The Walking With Dinosaurs exhibit has really made a name for itself in Harrison County since opening to the public, free of charge. The fun continued Sunday afternoon, as hundreds of spectators got to see a paleontologist in action.
When Zachary Heck was a child, he decided he wanted to be a paleontologist when he grew up. Since then, the West Virginia University geology student has never looked back.
"Numerous people have told me, 'Oh, you're going to change,' but even as a senior student in college, I have stayed the same. I just love it. I can still be a big kid. Even at the age of 40+, I can still be a kid," said Heck.
That passion for dinosaurs is what inspired Heck to serve as a mentor to hundreds of children on Sunday, as part of the "Meet a Paleontologist" event at the Harrison County Recreation Complex.
"I've just always loved teaching kids, showing kids what I've learned," said Heck.
Heck joined his mentor, paleontologist Ray Garton, to demonstrate how the matrix, or rock, is removed from a fossil.
"They were shaving off the rock of a shoulder blade. I thought that was pretty cool to see bones," said 11-year-old Dakota Cottrill.
"...Pocahontas County, most counties in the state we've found things. Not dinosaurs, but we've found ancestors of dinosaurs," said Garton.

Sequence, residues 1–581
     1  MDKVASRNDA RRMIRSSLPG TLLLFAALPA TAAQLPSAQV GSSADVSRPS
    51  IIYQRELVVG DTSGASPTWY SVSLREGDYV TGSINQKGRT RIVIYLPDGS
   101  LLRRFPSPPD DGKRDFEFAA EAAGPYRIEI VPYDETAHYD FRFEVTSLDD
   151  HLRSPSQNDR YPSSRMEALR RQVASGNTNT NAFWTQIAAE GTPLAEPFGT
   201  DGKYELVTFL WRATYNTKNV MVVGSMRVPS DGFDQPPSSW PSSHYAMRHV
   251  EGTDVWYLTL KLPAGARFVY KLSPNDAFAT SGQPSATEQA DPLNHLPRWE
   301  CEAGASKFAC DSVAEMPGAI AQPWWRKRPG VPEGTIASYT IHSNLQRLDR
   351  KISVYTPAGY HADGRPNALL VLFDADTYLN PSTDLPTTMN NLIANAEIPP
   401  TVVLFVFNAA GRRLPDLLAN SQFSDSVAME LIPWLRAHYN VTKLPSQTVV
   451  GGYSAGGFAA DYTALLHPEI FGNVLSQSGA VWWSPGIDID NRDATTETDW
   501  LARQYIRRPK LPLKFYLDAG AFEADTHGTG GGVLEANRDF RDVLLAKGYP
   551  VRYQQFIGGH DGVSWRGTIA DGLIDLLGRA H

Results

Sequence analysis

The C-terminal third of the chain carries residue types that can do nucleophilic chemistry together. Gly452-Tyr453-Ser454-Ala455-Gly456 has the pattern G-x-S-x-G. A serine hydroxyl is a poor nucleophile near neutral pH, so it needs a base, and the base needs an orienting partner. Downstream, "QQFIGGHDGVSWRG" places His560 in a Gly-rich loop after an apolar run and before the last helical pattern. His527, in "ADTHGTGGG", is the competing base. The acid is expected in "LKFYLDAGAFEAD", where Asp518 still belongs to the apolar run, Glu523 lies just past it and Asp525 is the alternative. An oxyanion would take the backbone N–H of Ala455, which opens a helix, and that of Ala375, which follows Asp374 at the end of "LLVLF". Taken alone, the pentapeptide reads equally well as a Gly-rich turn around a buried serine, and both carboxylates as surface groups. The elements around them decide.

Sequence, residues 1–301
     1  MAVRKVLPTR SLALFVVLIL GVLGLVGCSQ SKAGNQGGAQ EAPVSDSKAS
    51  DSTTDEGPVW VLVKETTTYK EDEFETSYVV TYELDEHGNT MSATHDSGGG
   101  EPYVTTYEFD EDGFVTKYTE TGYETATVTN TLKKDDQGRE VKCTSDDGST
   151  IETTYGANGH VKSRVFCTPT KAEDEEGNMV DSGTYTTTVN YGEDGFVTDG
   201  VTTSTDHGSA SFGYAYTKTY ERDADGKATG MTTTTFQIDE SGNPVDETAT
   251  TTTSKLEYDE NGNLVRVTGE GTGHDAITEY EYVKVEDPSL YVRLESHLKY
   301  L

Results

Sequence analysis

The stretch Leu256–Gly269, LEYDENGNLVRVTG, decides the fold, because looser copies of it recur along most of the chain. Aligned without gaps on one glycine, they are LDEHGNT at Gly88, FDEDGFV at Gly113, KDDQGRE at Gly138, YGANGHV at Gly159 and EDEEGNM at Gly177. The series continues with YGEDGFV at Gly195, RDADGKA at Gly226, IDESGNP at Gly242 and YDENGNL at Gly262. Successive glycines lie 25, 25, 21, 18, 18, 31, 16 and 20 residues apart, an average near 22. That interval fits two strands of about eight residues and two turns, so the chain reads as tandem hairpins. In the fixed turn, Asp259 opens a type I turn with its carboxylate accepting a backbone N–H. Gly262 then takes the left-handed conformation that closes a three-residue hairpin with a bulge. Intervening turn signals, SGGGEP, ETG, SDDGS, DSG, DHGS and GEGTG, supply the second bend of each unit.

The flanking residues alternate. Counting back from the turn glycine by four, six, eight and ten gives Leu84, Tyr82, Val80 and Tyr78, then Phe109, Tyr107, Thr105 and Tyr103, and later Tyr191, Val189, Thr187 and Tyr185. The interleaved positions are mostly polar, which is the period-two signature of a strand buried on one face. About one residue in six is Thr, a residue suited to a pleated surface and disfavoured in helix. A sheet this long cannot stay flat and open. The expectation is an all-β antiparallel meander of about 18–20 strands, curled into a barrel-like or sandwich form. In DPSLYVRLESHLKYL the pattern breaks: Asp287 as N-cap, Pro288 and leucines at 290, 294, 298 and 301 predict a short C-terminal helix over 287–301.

For Harrison County Parks & Recreation, Sunday's turnout was a milestone for the "Walking With Dinosaurs" exhibit, which made its debut last month.
"We got some big numbers: 680 people have been in visiting us today to see the exhibit and meet Ray, the paleontologist, and that topped 4,000 for the event so far," said Mike Book of Harrison County Parks & Recreation.
"We've had people come in and say, they've never been to Pittsburgh, they've never been to a major museum, they've always wanted to see a dinosaur skeleton, for example...so it's just the education. We've met so many wonderful people here today, little girls who want to be paleontologists," said Garton.
Those adoring fans are what makes the preparation and hard work all worth it in the end.
"Probably the best is their smiles...seeing their smiles whenever they come up," said Heck.
"Walking With Dinosaurs" will wrap up March 30, but organizers said they've already selected next year's exhibit theme: The Ice Age.